I can’t tell you how thrilled I am about active, the property that self-installs and removes constraints to their natural destination. I submitted my first radar on this back before the first edition was even published. Now with the third edition, I suppose I’ll be all “Yeah, that’s my radar baby!”

The long iOS 8 summer first gave us left and right layout guides, a la the top and bottom guides we first encountered in iOS 7 but they soon disappeared and have since been replaced by a suite of Margin-based layout attributes:

    NSLayoutAttributeLeftMargin NS_ENUM_AVAILABLE_IOS(8_0),
    NSLayoutAttributeRightMargin NS_ENUM_AVAILABLE_IOS(8_0),
    NSLayoutAttributeTopMargin NS_ENUM_AVAILABLE_IOS(8_0),
    NSLayoutAttributeBottomMargin NS_ENUM_AVAILABLE_IOS(8_0),
    NSLayoutAttributeLeadingMargin NS_ENUM_AVAILABLE_IOS(8_0),
    NSLayoutAttributeTrailingMargin NS_ENUM_AVAILABLE_IOS(8_0),
    NSLayoutAttributeCenterXWithinMargins NS_ENUM_AVAILABLE_IOS(8_0),
    NSLayoutAttributeCenterYWithinMargins NS_ENUM_AVAILABLE_IOS(8_0),

Comments and properties in the UIView header file indicate a layout tree of margins. I think it’s fair to assume this ties into the adaptive application that runs properly both on full-screen as well as side-by-side.

 -layoutMargins returns a set of insets from the edge of the view's bounds that denote a default spacing for laying out content.
 If preservesSuperviewLayoutMargins is YES, margins cascade down the view tree, adjusting for geometry offsets, so that setting the left value of layoutMargins on a superview will affect the left value of layoutMargins for subviews positioned close to the left edge of their superview's bounds
 If your view subclass uses layoutMargins in its layout or drawing, override -layoutMarginsDidChange in order to refresh your view if the margins change.
@property (nonatomic) UIEdgeInsets layoutMargins NS_AVAILABLE_IOS(8_0);
@property (nonatomic) BOOL preservesSuperviewLayoutMargins NS_AVAILABLE_IOS(8_0); // default is NO - set to enable pass-through or cascading behavior of margins from this view’s parent to its children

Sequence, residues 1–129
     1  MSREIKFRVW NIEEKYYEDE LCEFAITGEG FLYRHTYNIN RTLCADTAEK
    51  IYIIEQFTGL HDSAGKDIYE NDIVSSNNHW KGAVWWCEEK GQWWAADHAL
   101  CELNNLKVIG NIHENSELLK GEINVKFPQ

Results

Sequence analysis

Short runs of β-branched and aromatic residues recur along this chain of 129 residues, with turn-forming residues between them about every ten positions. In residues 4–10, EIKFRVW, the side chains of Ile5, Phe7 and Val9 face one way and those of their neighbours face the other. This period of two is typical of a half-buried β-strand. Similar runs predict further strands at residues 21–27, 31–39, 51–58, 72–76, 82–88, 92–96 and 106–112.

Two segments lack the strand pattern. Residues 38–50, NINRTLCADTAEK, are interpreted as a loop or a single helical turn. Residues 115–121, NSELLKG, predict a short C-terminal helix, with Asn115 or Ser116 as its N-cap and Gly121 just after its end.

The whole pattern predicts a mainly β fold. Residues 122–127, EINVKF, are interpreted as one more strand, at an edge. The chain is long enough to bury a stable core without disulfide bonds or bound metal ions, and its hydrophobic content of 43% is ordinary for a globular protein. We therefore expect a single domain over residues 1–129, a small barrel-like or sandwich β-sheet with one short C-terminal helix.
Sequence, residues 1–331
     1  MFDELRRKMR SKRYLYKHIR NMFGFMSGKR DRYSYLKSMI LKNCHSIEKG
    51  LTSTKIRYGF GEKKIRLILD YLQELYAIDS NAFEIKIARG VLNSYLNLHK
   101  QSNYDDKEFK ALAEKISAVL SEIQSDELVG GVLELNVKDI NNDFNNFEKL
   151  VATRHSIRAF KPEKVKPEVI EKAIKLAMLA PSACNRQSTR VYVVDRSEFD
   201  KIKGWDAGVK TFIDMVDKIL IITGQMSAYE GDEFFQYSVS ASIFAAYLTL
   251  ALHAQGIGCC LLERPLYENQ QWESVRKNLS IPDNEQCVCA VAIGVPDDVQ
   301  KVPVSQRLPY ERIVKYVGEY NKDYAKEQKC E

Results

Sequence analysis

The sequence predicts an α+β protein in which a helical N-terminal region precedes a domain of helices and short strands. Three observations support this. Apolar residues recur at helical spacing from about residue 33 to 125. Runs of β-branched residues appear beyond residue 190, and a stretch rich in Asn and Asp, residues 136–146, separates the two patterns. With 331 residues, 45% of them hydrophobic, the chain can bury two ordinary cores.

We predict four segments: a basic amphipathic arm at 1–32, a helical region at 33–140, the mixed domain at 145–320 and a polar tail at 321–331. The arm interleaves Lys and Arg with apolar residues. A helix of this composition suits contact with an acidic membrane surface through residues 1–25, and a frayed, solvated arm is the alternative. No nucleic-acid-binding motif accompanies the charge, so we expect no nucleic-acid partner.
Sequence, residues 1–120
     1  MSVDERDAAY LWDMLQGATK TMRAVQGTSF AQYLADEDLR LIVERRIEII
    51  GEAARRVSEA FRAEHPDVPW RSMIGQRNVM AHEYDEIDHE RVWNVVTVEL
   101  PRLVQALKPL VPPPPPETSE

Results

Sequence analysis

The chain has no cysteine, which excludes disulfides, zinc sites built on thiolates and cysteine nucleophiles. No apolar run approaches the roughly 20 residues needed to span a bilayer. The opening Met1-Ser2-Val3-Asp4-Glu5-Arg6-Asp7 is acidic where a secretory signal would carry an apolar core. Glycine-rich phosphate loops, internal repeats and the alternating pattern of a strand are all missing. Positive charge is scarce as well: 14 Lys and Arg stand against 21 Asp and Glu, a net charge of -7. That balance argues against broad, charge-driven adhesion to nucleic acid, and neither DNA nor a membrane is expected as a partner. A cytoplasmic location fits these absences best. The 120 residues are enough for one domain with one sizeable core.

- (void)layoutMarginsDidChange NS_AVAILABLE_IOS(8_0);

Unfortunately, the material from WWDC is light on details and these updates didn’t take place until fairly recent betas. Got any insights into how this material will play out? I’d love to hear it. (And thanks in advance!)

Swift: Embettering solutions2 Comments

erica | 12:00 pm | August 27, 2014 | Development,Swift

With Swift, there’s almost always a better way to do things and when you get to that better way, it just rings with “of course”-ness.

As usual, this started as a question from a participant in #swift-dev. “This doesn’t work,” he said, and pasted the following.

func continueGame() {
    if self.gameLogic.count == 0 {

So I started kicking the wheels on it. To get going, I decided to use the following array of closures to test my approaches.

[Void -> Void] = [{println("one")}, {println("two")}, {println("three")}]

First, I explained about using a generator and the next() function:

var myarray : [Void -> Void] = [{println("one")}, {println("two")}, {println("three")}]
var mygenerator = myarray.generate()

if let closure = mygenerator.next() {

if let closure = mygenerator.next() {

if let closure = mygenerator.next() {

That wasn’t practical for a generalized implementation.So I built a few loops that eventually ended up like this:

while true {
    if let closure = mygenerator.next() {
    } else {

But Ken Ferry took one look at that, laughed, and suggested the following (far more elegant) solution instead:

while let closure = mygenerator.next() {closure()}

Beautiful and simple. Thanks, Ken.

Swift: Converting values to enumerations2 Comments

erica | 8:14 am | | Development,Swift

Yesterday in #swift-lang, an enumeration discussion buzzed. A chat participant asked, “Is there any way to go backwards in an enum? I want to look up an enum based on a value.” The answer is simple and accessible. Creating enumerations from values returned by services and function represents an important touchpoint in Swift development.


The RawRepresentable protocol consists of two underlying functions: toRaw() and fromRaw(). These enable you to transform enumerations to and from underlying data states.

protocol RawRepresentable {
    typealias Raw
    class func fromRaw(raw: Raw) -> Self?
    func toRaw() -> Raw

For example, if you base your enumeration on integers, you can use the underlying sequence to move to and from that representation.